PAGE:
• In JS, we have lexical scoping, so the rules of where we can access variables are based on exactly where in the code functions and blocks are written.
  • Every scope always has access to all the variables from all its outer scopes. This is the scope chain.
  • When a variable is not in the current scope, the engine look up in the scope chain until it finds the variables its looking for. This is called variable look up.
  • The scope chain is a one-way street: a scope will never, ever have access to the variables of an inner scope.
  • The scope chain in a certain scope is equal to adding together all the variables environments of the all parent scopes.
  • The scope chain has nothing to do with the order in which functions were called. It does not affect the scope chain at all.

Hoisting in JavaScript

  • Hoisting makes some types of variables accessible/usable in the code before they are actually declared.(Variables lifted to the top of their scope) Untitled-2022-09-21-2135.png
  • Before execution, code is scanned for variable declarations and for each variable a new property is created in the variable environment object.
  • Hoisting does not work the same for all variable types. So lets analyse how hoisting works-


  1. Function declarations are actually hoisted and the initial value in the variable environment is set to the actual function. What this means is that, we can use function declarations before they are actually declared in the code because they are stored in the variable environment object even before the code starts executing.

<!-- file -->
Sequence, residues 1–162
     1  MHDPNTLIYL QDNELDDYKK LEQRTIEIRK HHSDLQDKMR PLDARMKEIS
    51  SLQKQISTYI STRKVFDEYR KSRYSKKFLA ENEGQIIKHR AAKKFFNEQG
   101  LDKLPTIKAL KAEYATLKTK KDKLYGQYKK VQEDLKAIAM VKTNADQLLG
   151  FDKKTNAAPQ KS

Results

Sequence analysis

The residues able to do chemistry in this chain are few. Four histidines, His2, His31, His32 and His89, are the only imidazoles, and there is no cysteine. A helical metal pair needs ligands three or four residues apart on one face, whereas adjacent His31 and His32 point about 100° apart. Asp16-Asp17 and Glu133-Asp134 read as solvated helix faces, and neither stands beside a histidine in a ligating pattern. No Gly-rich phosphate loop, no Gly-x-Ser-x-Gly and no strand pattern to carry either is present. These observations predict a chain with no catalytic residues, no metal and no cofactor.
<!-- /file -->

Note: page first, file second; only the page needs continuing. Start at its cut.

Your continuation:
2. Variables declared with var are also hoisted, but hoisting works in different ways here. So, unlike functions, when we try to access a var variable before its declared in a code we don't get the declared value but we get undefined.
  3. Let and const variables are not hoisted, technically they are actually hoisted but their value is basically set to uninitialised. So there is no value to work with at all. And so in practice, it is as if hoisting was not happening at all. Instead, we say, that these variables are placed in a so called Temporal Dead Zone (TDZ) which makes it so that we can't access variables between the beginning of the scope and to place where the variables are declared.
  4. Depends if they are created using var/let or const. Because keep in mind that these functions are simply variables and so behave the exact same way as variables in reagards to hoisting. This means that a function expression or arrow function created with var is hoisted to undefined, but if created with let or const its not usable before its declared in a code because of TDZ.

Temporal Dead Zone (TDZ)


  • In this example code, we're gonna look at the job variable.
  • It is a const, so its scoped only to this if block and it will be accessible starting from the line where its defined because there is Temporal Dead Zone for the job variable. It is basically the region of the scope in which the variable is defined but can't be used in any way, so it is as if the variable did not even exist.